Sunday, June 23, 2013
Philly agrees with tired David Wright
By Adam Rubin
Howard Smith/USA TODAY SportsPHILADELPHIA -- David Wright must be exhausted, because he is not fighting Terry Collins’ intention to give him a day off on the road this week, likely in Chicago.
David Wright had four extra-base hits Sunday in Philly.
“You’d like to play, but it’s a long season,” Wright said. “It’s been a grind thus far with these rainouts and doubleheaders and stuff. If he’s going to offer one, I’ll probably take him up on it.”
Wright heads into a team off-day on fire. He matched a franchise record with four extra-base hits Sunday as the Mets beat the Philadelphia Phillies, 8-0, at Citizens Bank Park. He is hitting .405 (30-for-74) with eight doubles, one triple, five homers and 11 RBIs in his past 17 games.
Wright fell a single shy of becoming the 11th Met to hit for the cycle.
“He’s tired,” Collins said. “He’s beat up a little bit. Yet he rises when you need him. I’ve been around some really good players, and I’ve been lucky. This guy is as good as any of those guys. He’s just there when you need him. He comes every day to play. And he just absolutely never asks for a day off. He’s going to get one this week, but he never asks for one.”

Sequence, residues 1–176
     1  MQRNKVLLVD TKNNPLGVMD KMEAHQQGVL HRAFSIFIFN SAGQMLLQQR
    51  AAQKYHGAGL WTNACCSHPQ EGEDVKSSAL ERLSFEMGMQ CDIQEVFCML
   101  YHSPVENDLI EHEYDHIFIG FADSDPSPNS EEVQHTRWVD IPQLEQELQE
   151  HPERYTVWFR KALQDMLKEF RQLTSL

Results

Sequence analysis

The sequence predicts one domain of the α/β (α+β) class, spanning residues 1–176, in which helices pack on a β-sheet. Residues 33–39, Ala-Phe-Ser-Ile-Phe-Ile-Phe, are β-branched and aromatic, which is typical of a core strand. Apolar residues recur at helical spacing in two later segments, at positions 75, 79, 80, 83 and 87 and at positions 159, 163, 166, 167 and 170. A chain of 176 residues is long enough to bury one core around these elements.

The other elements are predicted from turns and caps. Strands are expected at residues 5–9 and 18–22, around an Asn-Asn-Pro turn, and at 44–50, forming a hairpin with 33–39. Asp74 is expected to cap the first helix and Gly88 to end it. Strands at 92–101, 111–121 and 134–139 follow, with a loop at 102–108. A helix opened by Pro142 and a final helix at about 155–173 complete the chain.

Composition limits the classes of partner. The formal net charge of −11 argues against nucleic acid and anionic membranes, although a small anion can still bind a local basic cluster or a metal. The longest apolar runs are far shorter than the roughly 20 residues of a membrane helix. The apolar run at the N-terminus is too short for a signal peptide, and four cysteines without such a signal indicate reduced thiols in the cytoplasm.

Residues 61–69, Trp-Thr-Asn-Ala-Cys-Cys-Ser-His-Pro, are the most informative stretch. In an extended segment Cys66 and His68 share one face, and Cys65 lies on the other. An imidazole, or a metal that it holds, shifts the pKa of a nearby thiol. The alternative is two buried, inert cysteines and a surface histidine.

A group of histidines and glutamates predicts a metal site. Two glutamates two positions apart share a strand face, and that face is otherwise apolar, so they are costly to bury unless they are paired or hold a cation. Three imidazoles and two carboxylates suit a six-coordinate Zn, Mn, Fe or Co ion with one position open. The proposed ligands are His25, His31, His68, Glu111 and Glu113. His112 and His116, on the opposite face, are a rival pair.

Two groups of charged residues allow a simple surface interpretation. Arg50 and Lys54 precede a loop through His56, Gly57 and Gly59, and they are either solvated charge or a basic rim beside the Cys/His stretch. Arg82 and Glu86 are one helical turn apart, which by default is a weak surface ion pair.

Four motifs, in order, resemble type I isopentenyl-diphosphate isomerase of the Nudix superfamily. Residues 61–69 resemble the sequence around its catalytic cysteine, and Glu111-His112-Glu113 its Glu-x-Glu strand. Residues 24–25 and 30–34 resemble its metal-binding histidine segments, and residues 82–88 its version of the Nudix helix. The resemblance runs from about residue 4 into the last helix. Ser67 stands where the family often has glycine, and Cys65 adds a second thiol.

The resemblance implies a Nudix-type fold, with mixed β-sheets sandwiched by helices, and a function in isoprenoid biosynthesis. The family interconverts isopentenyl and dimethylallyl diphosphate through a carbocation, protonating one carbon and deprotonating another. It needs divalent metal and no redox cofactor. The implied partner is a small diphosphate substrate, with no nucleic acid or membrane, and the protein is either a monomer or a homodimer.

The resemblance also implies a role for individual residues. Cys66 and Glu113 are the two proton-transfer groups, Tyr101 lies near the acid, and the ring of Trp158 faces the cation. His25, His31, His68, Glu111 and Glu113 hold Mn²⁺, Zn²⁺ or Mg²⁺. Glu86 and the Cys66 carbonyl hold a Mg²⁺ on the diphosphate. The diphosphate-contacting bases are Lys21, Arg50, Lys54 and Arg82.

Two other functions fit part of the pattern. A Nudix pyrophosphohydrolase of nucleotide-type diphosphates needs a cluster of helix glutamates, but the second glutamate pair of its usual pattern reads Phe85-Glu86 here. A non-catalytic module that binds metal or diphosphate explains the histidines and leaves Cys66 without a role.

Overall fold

Wright added that he would prefer a full day off to serving as the designated hitter in Chicago.
“I’m not a huge fan of DHing,” he said. “… I’d probably rather play the game and just get a full day off.”
Wright now has 17 homers at Citizens Bank Park, the most of any visiting player in the ballpark’s 10-year history. The only road ballpark in which Wright has more homers: Turner Field in Atlanta (18). And that’s only because of a two-homer game on the first leg of this road trip.
Wright gave the Philly ballpark a slight nod in terms of his favorite between the two.
“To hit in? This is a little more hitter-friendly here,” he said. “It helps when the wind is blowing out. That’s a tough one, but I think this is a better place to hit.”
Wright and Collins both asserted that Marlon Byrd’s performance batting behind Wright has benefited the third baseman.
“Right now he’s started to get some balls to hit,” Collins said. “He went quite a while where he didn’t get a lot to hit and took it upon himself to still try to get hits.”
“I’m seeing better pitches to hit,” Wright agreed. “No question.”
As for whether he would have preferred to trade his one of his doubles for a single and the cycle, Wright lightheartedly said: “No. I like doubles.”